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Tiger beetle colours

I was taking photographs of some beetle specimens to use in my thesis defense to illustrate some of the species I collected in my research. Since I had the lights set up, and my personal insect collection there with me, I decided to see if I could capture some of the colours and shapes, etc. of various beetles that I find appealing. Here's one example; the iridescent venter of tiger beetles.

Enjoy Smile

6 blog comments below

That's a quality pic Ankhanu, cheers for sharing it here Cool
I love the macro perspective, you can see so much intricate beauty in the creepy crawly world. [/nursery school descriptive term]

Any reason for this ones particular iridescence? Is it a mating thing like "I'm sexy as", a defensive "Don't mess coz I'm hard as nails", or maybe just "Don't eat me because I taste horrible and you will die"

Love the hair (?) patterns on it's legs...and those jaws Shocked
watersoul on Tue Dec 13, 2011 12:46 am
Thanks, Watersoul… and thanks for pushing me. I've not known why tiger beetles (many of them at least) are iridescent underneath, though I've wondered. Your question pushed me to actually look into it Razz
Acorn, J.H. 1988. Mimetic tiger beetles and the puzzle of cicindelid coloration (Coloepter: Cicindelidae). The Coloepterists Bulletin 42: 28-33. wrote:
Iridescent colors are disruptive in the sense that it is difficult for predators to visually judge the distance between themselves and iridescent beetles, since both color and brightness change rapidly with viewing angle. The physics of this phenom- enon, where iridescence is produced by plane diffraction gratings, are outlined by Hinton and Gibbs (1971). Although iridescence in tiger beetles is produced by interference reflectors rather than diffraction gratings (Schultz and Rankin 1985), Schultz (1986) also interprets iridescence as a means to hinder visual tracking by predators, especially of rapidly moving beetles. In other iridescent beetles, however, bright colors can also be aposematic (Hinton and Gibbs 1971), and I argue here that some tiger beetles are as well.

I have a PDF of the paper if you'd like to read the whole thing.
Seago, A.E., Brady, P., Vigneron, J.-P. and Schultz, T.D. 2009. Gold bugs and beyond: a review of iridescence and structural color mechanisms in beetles (Coleoptera). Journal of the Royal Society Interface 6: S165-S184. wrote:
6.1.3 Aposematic (warning) colours
Although tiger beetles are, as all carabids, chemically defended to some extent, they have also evolved a remarkable diversity of defensive coloration mechanisms from the same presumably ancestral interference colours. Multilayer reflectors are used in aposematic colour signalling in some cicindelines (Shelly & Pearson 1978; Pearson 1985). Acorn (1988) reported that multilayer colours in some tiger beetles are used in the mimicry of sympatric, chemically defended blister beetles (Meloidae) and velvet wasps (Mutillidae). Vogler & Kelley (1998) analysed cicindeline colour pattern evolution in a phylogenetic context, concluding that bright colours in Cicindela appear to have two functions: either as an aposematic cue in strongly chemically defended beetles (subgenus Cicindelidia) or as a cryptics or disorientation colour in brightly iridescent but weakly defended species (e.g. C. sexguttata). Iridescence may serve to deceive visual predators when tiger beetles that appear bright in the Sun fly into shade and the colours are extinguished (Knisley & Schultz 1997; Schultz 2001).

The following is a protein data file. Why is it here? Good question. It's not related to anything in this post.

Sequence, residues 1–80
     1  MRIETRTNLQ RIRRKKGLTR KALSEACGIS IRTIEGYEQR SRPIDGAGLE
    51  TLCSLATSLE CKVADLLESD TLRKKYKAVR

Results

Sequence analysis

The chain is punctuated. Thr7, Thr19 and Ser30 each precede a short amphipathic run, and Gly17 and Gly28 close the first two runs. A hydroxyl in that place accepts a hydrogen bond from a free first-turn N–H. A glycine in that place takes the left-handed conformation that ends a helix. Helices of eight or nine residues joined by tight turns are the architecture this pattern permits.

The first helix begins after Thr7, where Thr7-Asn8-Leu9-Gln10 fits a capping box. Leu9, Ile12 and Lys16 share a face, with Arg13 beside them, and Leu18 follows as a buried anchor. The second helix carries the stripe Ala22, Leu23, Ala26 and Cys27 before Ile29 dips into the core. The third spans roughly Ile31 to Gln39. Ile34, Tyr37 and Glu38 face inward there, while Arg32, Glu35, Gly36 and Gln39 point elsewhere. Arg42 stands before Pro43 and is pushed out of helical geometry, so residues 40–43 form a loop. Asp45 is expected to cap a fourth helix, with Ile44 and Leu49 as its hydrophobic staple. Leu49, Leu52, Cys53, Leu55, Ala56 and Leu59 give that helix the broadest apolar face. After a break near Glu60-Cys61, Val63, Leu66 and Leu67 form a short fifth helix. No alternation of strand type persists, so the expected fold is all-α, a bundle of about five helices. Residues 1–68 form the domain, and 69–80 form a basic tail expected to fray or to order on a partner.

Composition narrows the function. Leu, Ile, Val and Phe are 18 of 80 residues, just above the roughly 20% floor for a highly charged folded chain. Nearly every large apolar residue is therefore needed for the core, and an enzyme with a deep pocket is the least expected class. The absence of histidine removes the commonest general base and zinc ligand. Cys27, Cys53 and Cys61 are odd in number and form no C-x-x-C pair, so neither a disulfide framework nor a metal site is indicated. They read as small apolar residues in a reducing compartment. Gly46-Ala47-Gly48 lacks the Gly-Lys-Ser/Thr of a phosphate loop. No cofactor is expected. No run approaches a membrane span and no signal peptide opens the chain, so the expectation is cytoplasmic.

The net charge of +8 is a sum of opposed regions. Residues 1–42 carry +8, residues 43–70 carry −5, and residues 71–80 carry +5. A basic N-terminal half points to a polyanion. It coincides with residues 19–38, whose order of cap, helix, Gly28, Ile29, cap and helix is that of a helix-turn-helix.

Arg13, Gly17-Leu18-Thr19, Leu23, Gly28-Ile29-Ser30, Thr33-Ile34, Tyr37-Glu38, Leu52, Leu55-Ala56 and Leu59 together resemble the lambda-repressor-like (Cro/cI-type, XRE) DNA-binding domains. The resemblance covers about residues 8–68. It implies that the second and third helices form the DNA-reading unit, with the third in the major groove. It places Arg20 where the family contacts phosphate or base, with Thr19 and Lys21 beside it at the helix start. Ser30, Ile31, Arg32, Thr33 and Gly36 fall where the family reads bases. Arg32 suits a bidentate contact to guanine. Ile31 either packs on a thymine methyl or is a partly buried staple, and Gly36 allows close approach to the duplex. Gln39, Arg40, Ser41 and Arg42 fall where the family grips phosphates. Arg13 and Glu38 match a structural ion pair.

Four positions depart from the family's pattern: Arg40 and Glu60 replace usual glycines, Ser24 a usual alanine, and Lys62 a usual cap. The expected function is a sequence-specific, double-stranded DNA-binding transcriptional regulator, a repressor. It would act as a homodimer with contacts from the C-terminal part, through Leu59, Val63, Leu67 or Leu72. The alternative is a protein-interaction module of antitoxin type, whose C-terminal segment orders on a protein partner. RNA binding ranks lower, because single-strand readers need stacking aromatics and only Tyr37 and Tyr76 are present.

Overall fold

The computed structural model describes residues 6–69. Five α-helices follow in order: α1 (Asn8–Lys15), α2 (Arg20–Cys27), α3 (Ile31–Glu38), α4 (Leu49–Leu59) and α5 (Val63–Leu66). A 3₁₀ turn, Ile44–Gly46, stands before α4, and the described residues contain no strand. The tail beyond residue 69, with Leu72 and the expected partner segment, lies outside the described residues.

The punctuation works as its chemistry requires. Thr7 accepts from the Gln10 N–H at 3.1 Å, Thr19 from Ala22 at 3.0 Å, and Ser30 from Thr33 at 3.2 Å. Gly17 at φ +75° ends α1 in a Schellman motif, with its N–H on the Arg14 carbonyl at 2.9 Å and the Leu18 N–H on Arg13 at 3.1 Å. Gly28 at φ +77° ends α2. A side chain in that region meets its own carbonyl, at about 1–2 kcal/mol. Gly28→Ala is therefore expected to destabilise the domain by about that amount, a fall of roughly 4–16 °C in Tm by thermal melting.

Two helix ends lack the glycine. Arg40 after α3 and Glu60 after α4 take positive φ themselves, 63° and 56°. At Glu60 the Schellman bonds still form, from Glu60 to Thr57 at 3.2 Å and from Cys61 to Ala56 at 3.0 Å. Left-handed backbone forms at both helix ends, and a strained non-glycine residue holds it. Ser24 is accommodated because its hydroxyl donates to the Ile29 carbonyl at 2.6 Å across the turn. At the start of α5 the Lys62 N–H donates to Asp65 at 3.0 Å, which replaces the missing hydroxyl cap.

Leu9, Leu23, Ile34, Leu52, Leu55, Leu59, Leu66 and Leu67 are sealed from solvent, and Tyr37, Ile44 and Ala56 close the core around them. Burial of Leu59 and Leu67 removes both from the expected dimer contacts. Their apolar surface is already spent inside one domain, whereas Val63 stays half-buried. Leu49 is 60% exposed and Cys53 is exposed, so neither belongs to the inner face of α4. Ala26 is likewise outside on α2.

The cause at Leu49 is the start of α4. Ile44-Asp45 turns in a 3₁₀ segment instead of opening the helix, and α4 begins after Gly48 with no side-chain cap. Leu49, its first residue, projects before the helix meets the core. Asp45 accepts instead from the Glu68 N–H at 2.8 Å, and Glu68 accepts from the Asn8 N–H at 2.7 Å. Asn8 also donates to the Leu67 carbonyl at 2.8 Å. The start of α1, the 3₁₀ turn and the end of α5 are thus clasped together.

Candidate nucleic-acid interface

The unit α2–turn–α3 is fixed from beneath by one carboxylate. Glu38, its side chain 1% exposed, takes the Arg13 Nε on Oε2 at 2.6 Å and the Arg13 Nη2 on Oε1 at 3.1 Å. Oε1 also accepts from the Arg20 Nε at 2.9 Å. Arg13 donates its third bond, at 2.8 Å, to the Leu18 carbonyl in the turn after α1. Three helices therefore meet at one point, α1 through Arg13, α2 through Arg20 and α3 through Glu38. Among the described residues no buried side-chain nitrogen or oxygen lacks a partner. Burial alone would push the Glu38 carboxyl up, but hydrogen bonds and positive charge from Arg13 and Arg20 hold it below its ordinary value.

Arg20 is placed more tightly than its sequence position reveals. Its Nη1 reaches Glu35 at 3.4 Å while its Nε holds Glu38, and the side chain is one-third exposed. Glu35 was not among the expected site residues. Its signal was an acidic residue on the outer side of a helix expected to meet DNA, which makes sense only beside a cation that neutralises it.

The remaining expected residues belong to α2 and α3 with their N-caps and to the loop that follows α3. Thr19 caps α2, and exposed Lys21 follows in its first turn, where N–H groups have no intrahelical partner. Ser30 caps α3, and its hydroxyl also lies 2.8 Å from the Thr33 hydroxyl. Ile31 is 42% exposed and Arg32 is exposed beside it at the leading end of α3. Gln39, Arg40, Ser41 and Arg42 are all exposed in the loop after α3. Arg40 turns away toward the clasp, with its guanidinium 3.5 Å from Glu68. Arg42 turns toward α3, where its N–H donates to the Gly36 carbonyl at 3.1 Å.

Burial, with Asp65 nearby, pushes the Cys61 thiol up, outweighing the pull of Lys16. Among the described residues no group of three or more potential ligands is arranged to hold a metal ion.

Full article here:

Looks like it's a combination of camouflage and visual confusion and an advertisement that they taste bad.
Ankhanu on Tue Dec 13, 2011 1:35 am
Thanks for the informative answer and interesting link Ankhanu, I'd be interested in that pdf you mentioned as well, cheers.
...although I'm still kicking myself that I hadn't considered the camouflage option, doh!

This is a completely new interest topic for me so I'm gonna have to read a bit more as an idea has just popped into my head regarding similar iridescence in birds feathers, and the possible camo advantages for them while hunting insects.

Hmm, back to reading a bit more, I'm quite intrigued Smile
watersoul on Wed Dec 14, 2011 12:58 am

If you're wanting to do some searches on tiger beetles specifically, their group name is Cicindelinae, a sub-family of ground beetles (Carabidae). It's a relatively recent move to being a subfamily, and they were a proper family, Cicindelidae before that.

That's an interesting question regarding bird iridescence... but, I think it tends to be intraspecific display more often in birds than visual confusion/camouflage. If you find otherwise, do let me know Smile
Ankhanu on Wed Dec 14, 2011 1:21 am
Here's the setup I'm using to take my photos:

Basically a Schmitt box on a box, with some hot lights I bought for my wife's Christmas gift last year, a reflector to capture some of the lost light and bounce the strobe off, and my Nikon D80 with a poor-man's macro lens (reversed 50mm) and SB-800 speed light. I climb in between the umbrellas and lean in for the shot Razz
Ankhanu on Wed Dec 14, 2011 11:00 pm
Thanks for the close-up photo and interesting link, Ankhanu. That is still just buggy though. laugh
standready on Wed Dec 14, 2011 11:12 pm

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